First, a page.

We’ve received the very sad news of the recent death of Angela Clayton MBE. Angela, who as a member of Prospect, was involved for many years with the TUC LGBT conference (as a delegate) and as a member of the TUC LGBT Committee. She was a powerful advocate for the rights of trans people, and was also a leading activist in the organisation Press for Change. Angela’s life will be remembered at the LGBT Conference this year and we will strive to honour Angela’s memory by redoubling our work towards trans equality.
Disability and LGBT rights
Congress House, Great Russell Street
London WC1B 3LS
tel: 0207 467 1271 mob: 07788715385 fax: 0207 467 1333
Angela Helen Clayton MBE (born 1959) was an internationally known physicist working in the fields of Nuclear Criticality Safety and Health Physics. She was also a campaigner for the rights of transsexual people.
Her professional accomplishments and achievements included: Head of Criticality Safety at the Atomic Weapons Establishment for some years; Chairperson of the UK Working Party on Criticality; Member of the Working Group for American National Standard 8.15 – Nuclear Criticality Control of Special Actinide Elements coordinated by the American Nuclear Society; Participant in the International Criticality Safety Benchmark Evaluation Project; Member of Advisory Programme Committees and Technical Programme Committees for several International Conferences on Nuclear Criticality Safety (e.g. International Conference on Nuclear Criticality Safety (ICNC) 1991 – UK, ICNC 2003 – Japan, ICNC 2007 – Russia); Authored or co-authored several published papers on various aspects of criticality safety.
She held various roles in Safety Committees and the Reactor Safety Panel at the Atomic Weapons Establishment (now AWE, plc).
Her passion for the subjects of criticality safety and Radiological Protection – Health Physics shone through strongly and she ensured that the ‘right thing’ was done. She was well respected in her field and will be remembered as someone who fought very hard to ensure appropriate criticality controls were used. She was known as an excellent leader of her group and helped to give team members a sense of value and purpose.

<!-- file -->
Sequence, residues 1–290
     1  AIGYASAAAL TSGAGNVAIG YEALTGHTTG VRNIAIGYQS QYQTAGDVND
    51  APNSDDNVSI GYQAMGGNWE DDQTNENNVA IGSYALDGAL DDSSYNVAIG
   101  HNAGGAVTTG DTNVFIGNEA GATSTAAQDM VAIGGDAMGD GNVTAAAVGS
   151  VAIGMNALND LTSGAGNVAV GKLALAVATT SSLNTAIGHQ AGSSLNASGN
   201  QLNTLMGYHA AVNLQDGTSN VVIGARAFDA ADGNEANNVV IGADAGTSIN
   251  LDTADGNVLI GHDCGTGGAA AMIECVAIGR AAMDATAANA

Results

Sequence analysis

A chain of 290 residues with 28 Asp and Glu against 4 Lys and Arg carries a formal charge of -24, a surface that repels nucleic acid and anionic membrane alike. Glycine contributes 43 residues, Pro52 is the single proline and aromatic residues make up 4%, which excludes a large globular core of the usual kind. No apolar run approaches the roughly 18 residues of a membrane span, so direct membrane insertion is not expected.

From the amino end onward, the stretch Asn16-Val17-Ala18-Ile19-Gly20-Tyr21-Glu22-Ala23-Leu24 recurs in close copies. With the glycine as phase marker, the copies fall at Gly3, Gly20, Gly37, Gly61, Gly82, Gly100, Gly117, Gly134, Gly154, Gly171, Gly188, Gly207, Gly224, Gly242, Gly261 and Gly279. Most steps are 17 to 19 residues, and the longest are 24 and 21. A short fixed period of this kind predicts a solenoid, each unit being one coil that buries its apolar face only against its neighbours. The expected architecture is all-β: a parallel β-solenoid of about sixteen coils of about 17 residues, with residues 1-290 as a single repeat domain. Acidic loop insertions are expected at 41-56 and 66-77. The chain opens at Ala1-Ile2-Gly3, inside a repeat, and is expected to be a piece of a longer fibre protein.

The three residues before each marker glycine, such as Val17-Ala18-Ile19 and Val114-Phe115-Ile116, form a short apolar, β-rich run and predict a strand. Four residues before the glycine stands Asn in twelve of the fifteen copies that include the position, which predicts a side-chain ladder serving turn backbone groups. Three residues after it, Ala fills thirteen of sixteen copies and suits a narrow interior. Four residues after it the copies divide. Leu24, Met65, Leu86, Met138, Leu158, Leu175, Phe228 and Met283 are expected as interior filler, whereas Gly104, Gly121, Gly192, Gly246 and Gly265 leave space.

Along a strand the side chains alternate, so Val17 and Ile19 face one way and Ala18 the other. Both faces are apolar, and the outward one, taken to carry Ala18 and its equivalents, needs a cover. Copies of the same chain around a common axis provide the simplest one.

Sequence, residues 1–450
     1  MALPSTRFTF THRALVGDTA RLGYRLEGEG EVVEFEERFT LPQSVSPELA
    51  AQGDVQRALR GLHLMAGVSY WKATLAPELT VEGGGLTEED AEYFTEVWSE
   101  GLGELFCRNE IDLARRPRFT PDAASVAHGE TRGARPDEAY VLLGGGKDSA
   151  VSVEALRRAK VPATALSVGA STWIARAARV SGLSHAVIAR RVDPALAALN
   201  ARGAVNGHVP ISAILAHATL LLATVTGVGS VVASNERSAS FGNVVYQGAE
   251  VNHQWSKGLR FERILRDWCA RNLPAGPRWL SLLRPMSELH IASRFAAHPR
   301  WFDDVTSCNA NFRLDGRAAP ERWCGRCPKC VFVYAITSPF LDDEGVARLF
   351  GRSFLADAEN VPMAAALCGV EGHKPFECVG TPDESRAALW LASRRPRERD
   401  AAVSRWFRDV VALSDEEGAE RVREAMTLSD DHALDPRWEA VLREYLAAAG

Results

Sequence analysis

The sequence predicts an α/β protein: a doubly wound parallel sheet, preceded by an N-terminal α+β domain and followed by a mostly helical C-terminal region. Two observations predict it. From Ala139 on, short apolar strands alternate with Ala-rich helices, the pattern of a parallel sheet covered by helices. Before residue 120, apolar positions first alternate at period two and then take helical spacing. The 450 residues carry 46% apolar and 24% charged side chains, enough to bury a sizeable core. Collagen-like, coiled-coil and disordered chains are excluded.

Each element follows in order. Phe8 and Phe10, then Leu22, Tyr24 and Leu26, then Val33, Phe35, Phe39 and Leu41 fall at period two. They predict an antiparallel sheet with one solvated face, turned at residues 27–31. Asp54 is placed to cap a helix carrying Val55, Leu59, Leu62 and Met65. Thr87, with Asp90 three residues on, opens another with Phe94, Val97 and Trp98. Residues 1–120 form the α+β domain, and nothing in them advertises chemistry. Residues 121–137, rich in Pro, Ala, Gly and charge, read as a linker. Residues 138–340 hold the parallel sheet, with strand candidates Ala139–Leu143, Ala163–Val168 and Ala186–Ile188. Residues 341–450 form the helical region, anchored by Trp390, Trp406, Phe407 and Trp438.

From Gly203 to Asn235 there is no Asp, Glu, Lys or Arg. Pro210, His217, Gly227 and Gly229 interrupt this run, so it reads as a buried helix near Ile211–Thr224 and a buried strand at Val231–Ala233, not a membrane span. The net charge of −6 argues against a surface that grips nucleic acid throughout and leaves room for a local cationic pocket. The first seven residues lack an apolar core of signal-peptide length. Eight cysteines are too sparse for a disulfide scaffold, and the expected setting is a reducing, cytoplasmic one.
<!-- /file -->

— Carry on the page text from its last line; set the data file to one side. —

Angela was also quite active in her various National and local Prospect(trade union) activities, including serving on the pension National Executive Committee (NEC) Advisory Sub Committee and was an elected trustee of the AWE Pension Scheme from 1 February 2009 – 1 February 2011.
After her early retirement in March 2011 on medical grounds (due to complications from an old automobile accident in 1999), she pursued various artistic and intellectual activities including acquiring a large telescope with which she could engage in a life-long love of Astronomy.
Throughout her life, Angela took up various intellectual pursuits, to which she excelled. She gained degrees in a range of subjects. The most recent of which was a degree in Law from the Open University. She graduated with a first in April 2009.
After early traumatic experiences when she approached medics for help with her transsexualism, she finally transitioned without medical support and only engaged once more with medics to obtain surgery after several years living as a woman.
Clayton worked with the trans campaigning organisation Press for Change from 1999. She was one of the authors of the “Trans Data Position Paper for the National Statistics: UK Statistics Authority. She took a close interest in the role of trade unions in promoting equality for trans people in the workplace and in 2002 became the first “trans observer” to the UK Trades Union Congress (TUC) LGBT Committee when it added trans people to its remit. She has continued to work with trade unions and has served three terms as a member of the TUC LGBT Committee.
She was closely involved in development of the Gender Recognition Act 2004 which for the first time gave trans people in Britain legal recognition in their lived gender. She served as a member of the implementation team for the Act, along with her colleague Stephen Whittle, presenting the views of trans people on the implementation process.
She was made an MBE (Member of the Order of the British Empire) in the Queen’s Birthday Honours list in 2006 for her services to gender issues.
Clayton was a speaker at the Greater London LGBT Organising Day in February 2008.
Clayton always struggled with her weight. This led to her developing Type 2 Diabetes later in life. The incretin mimetics medication she was given to help control her diabetes had the risk of developing pancreatitis, as noted by the British Medical Journal, of which she was unaware of until December 2013.